As Billboard Incorporates YouTube Views, ‘Harlem Shake’ Rockets To Top

By 02/21/2013
As Billboard Incorporates YouTube Views, ‘Harlem Shake’ Rockets To Top

Chris Hardwick begged YouTube creators to cease making ‘Harlem Shake‘ videos during his opening monologue at the Streamys, but the world isn’t stopping. Billboard has changed its formula for the Hot 100, and has begun to incorporate YouTube views. As a result, Baauer‘s inescapable dance number has rocketed to the top of the charts, using the power of both YouTube and Billlboard’s shifting paradigms to reach the number one position.

Billboard’s new measurement system appears at first to be a reaction to the ubiquity of ‘Harlem Shake’, but the music publication has actually been preparing to implement the metric for some time. “The notion that a song has to sell in order to be a hit feels a little two or three years ago to me,” said Bill Werde, editorial director of Billboard. “The music business today — much to its credit — has started to learn that there are lots of different ways a song can be a hit, and lots of different ways that the business can benefit from it being a hit.”

The change is obviously a positive one as far as YouTube is concerned, but in terms of accuracy it seems off base. The draw of ‘Harlem Shake’ is not the song, but rather the accompanying dance. How many of the 100 million-or-so people who have streamed the song on YouTube are familiar with any part of it other than the 30 seconds typically used in each video? Also, ‘Harlem Shake’s popularity tells us as much about YouTube creators as it does about musicians. For example, Shaycarl‘s version of the Harlem shake is one of the most popular versions, with more than 3.3 million views to its credit. How many of those views, however, came from Shay’s one million subscribers, who would’ve watch his video no matter what song it used?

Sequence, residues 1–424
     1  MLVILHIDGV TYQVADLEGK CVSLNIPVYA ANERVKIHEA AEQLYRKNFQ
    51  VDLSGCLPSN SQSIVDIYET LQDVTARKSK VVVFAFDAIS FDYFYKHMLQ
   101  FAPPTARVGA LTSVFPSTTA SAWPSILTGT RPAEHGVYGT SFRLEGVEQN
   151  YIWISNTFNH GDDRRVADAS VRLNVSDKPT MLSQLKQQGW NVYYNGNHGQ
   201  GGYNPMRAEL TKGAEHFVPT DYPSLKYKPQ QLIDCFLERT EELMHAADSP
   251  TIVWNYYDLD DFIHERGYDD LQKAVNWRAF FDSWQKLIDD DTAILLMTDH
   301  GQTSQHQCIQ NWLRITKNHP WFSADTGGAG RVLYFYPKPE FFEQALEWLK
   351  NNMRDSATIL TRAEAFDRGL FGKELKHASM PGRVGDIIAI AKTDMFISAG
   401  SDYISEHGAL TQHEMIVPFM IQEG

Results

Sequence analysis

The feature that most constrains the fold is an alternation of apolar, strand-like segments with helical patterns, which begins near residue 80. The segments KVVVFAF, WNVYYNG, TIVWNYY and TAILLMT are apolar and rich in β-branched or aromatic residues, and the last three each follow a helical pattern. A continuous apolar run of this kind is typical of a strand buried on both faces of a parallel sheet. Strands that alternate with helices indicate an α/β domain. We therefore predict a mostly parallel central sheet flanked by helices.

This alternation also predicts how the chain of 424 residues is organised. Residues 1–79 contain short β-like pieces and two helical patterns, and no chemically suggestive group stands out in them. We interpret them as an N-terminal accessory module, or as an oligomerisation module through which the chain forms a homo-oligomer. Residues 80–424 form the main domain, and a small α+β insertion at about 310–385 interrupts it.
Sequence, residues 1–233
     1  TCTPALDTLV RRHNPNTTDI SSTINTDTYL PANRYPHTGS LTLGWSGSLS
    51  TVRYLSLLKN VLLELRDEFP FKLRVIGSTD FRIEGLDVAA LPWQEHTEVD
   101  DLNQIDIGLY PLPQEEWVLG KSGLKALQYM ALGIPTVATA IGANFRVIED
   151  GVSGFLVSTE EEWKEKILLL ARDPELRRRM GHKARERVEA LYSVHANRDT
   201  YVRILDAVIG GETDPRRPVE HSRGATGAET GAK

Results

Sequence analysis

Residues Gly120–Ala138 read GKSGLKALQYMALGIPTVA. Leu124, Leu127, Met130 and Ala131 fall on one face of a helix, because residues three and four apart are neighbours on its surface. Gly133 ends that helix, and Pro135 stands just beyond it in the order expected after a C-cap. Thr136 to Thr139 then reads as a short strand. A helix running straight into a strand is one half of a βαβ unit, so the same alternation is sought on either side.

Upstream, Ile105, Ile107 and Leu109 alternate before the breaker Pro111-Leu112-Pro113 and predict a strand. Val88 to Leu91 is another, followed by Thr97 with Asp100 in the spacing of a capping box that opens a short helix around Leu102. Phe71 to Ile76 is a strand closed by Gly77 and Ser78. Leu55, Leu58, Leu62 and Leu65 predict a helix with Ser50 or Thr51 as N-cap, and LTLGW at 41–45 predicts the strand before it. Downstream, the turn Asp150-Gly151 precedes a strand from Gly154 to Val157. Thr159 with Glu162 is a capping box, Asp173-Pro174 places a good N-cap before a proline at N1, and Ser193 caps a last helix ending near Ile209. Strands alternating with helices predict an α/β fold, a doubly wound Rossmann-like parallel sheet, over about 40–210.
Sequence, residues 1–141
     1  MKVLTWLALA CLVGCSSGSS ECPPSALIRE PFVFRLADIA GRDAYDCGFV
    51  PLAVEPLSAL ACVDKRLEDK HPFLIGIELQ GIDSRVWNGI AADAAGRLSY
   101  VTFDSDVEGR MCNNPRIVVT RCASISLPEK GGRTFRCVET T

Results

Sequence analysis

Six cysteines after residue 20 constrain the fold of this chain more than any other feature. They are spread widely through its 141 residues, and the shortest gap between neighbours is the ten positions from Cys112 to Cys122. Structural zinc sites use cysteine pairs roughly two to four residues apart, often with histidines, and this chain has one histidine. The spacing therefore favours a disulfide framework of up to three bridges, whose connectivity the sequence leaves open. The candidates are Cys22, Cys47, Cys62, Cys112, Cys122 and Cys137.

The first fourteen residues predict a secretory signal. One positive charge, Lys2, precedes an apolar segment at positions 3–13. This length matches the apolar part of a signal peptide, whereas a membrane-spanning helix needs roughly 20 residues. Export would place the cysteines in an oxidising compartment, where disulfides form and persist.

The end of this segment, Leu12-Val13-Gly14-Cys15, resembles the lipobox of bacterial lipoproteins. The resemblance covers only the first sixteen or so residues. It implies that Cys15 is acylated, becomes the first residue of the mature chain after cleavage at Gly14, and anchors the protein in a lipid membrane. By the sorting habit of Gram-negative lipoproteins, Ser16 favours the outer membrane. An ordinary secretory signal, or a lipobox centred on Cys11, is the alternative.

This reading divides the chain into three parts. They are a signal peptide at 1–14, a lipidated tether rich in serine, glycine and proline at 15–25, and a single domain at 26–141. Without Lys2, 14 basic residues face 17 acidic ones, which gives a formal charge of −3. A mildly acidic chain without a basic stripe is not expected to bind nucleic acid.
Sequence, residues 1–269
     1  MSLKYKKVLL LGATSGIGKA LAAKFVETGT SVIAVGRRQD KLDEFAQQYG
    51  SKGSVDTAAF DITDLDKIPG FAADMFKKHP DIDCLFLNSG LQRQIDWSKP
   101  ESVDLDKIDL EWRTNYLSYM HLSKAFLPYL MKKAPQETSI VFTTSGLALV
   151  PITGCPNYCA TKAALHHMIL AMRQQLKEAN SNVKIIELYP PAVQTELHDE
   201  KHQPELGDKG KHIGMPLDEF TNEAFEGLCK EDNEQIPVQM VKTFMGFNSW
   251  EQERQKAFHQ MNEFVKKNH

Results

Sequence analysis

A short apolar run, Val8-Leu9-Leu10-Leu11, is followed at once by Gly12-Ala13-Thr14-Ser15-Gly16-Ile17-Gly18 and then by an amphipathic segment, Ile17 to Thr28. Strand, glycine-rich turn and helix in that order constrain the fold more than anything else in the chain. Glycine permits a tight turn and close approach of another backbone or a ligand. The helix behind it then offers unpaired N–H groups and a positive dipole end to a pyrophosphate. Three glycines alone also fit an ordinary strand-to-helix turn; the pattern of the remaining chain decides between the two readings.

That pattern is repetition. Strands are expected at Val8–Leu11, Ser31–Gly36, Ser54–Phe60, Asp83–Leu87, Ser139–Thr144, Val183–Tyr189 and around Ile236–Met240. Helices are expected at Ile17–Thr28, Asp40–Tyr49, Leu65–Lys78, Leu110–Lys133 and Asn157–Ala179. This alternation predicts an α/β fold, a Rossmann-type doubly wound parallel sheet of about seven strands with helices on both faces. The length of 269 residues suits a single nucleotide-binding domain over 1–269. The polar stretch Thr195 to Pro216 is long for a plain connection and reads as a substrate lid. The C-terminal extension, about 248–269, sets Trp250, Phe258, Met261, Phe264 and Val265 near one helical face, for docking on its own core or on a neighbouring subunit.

The influence of YouTube views on pop music consciousness is undeniable, but Billboard needs to show a little more rigor in terms of how it calculates that influence. After all, the song that ‘Harlem Shake’ displaced at #1–Macklemore’s ‘Thrift Shop’–also gained a lot of traction thanks to the YouTube popularity of its fun, quirky music video. It is a far better example of the way in which online video informs the pop music industry, and future Billboard changes should highlight those sorts of tracks, not just the ones that are arbitrarily featured in a viral video fad.